REVIEW: David Leonhardt Trio – Explorations

It’s always nice to find something a little different when reviewing a new album, and a recent release from Big Bang Records (gotta love that name) fills the bill — but more later about that. Explorations is the latest from the David Leonhardt Trio, a group that – surprise – is led by pianist David Leonhardt, accompanied by drummer Alvester Garnett and bassist Matthew Parrish.

A piano-drums-bass trio has always been one of the most common forms around for a jazz group, but there’s nothing ordinary about the talent level here. All three guys are respected veterans, with extensive experience in a variety of venues, and judging by this album it’s obvious that they reach a high comfort level when playing together.

Getting back to that little surprise I mentioned before, it has to do with the mix of music offered here. Many of the jazz albums I review consist of a combination of jazz standards and new songs written by the members of the group — usually the leader. The dozen tracks here do include some new compositions by Leonhardt – and a couple of standards too – but there are also several pieces from the pop/rock world. Although this isn’t the first time I’ve seen that – or even the second – it’s still uncommon enough to be intriguing.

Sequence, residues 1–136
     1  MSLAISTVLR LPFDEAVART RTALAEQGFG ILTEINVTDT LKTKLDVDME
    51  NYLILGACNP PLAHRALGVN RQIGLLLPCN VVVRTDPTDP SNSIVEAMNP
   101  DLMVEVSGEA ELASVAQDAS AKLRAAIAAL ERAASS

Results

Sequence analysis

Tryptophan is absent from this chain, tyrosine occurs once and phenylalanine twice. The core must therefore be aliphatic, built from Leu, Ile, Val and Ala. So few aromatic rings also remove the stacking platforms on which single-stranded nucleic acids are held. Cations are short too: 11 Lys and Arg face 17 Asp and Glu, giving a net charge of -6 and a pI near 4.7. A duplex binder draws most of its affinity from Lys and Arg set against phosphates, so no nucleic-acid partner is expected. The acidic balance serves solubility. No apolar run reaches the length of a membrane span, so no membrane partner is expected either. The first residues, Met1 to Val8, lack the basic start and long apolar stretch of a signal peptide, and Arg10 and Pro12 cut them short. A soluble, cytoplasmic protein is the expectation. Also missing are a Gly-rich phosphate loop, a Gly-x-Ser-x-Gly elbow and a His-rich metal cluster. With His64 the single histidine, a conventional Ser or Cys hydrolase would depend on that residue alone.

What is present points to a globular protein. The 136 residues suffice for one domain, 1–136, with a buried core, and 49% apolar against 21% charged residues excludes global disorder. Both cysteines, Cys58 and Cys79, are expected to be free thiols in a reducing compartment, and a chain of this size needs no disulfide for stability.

Leonhardt and his guys have included nice arrangements of songs like James Taylor’s “Fire And Rain,” which was probably my favorite here, along with Clapton’s “Sunshine Of Your Love,” and Elton John’s “Your Song.” They’ve even included George Harrison’s “While My Guitar Gently Weeps,” a nice trick in a guitar-less trio, but Leonhardt’s strong keyboard lead, paced by the fiery play of both Garnett and Parrish, is more than adequate to the task.

Jazz standards include “Yesterdays” and a very nice and whisper-soft interpretation of Horace Silver’s classic “Peace.” Among the new songs I especially enjoyed “Late Night Blues,” a driving piece with an insistent, almost addictive beat, and “The Dawn Over Morocco,” which manages to convey a mood evocative of its title.

A good collection of solid traditional jazz and something just a little different.


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